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Row Over Origins of King's Head Oscar Wilde 'Premiere'

By • West End
A row has erupted over the origins of a play at the King's Head Theatre that producers claim is an Oscar Wilde “world premiere”.

Constance, which opens tonight (15 September 2011, previews from 13 September), is billed a “world premiere of the only unproduced Oscar Wilde play”, and is based on a French translation of a manuscript Wilde is thought to have written after his release from prison in 1897 and given to an American actress, Cora Brown Potter.

But speaking to Channel 4 News, the playwright's only grandson Merlin Holland dismissed these claims as “complete tosh”. He also told the Guardian he believes the play to be “a pretty appalling piece of work”.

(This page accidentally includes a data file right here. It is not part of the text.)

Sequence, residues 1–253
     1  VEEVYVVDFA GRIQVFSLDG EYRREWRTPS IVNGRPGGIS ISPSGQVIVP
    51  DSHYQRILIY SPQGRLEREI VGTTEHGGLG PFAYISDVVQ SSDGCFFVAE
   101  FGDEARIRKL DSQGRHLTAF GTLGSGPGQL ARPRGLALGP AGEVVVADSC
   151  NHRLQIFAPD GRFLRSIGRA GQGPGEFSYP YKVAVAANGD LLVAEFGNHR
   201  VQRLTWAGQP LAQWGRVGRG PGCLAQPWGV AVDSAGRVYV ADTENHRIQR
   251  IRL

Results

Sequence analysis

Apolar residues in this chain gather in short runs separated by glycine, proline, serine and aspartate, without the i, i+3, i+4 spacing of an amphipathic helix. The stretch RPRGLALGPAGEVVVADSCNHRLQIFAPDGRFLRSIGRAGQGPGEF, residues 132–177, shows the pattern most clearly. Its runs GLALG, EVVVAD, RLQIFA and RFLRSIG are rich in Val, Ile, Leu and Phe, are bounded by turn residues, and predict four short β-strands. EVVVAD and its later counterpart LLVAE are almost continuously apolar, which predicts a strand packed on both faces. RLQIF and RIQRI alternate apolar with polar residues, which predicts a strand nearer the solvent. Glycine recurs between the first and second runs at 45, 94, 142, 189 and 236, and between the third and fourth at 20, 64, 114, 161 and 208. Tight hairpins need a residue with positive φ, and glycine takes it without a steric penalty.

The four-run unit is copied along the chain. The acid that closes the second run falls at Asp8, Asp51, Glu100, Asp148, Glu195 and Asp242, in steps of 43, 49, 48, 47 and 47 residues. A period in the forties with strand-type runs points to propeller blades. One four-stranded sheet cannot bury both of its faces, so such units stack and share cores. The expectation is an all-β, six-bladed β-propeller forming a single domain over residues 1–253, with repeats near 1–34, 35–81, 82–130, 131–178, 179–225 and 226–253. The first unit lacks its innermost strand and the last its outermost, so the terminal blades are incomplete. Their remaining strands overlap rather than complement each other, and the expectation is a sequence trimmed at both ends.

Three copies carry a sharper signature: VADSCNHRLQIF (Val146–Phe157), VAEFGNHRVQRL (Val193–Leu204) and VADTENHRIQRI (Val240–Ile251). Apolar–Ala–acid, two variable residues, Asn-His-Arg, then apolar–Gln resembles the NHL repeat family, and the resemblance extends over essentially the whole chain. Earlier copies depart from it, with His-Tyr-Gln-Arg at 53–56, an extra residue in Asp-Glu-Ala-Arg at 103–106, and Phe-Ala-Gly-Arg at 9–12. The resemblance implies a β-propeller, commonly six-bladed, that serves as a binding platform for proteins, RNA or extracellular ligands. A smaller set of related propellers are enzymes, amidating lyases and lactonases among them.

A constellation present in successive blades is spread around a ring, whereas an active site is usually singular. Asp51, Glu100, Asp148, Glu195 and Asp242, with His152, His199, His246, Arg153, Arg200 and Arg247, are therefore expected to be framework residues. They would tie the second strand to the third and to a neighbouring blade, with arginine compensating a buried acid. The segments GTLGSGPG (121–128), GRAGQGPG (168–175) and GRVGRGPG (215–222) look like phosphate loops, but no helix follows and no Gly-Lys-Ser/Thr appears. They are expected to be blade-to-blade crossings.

Holland believes the translation, by Wilde enthusiast Guillot de Saix, was based only on a synopsis and not a complete manuscript.

“The existence of the synopsis is the only thing we know for certain”, he told Channel 4 reporter Matthew Cain. “He is known to have said to his friends in later years in Paris, 'I've lost the will to write'.”

In reply, the play's producer Adam Spreadbury-Maher said that, based on the evidence of letters and journals, he believes a “significant majority” on the play is Wilde's. “He breathes throughout the play – it is Oscar Wilde”, he added.

Constance centres on the wife of a rich industrialist, whose attempt to host an evening of entertainment at a country house is jeopardised by her extended family and aristocratic friends. Directed by Marc Urquhart, it continues until 23 October.

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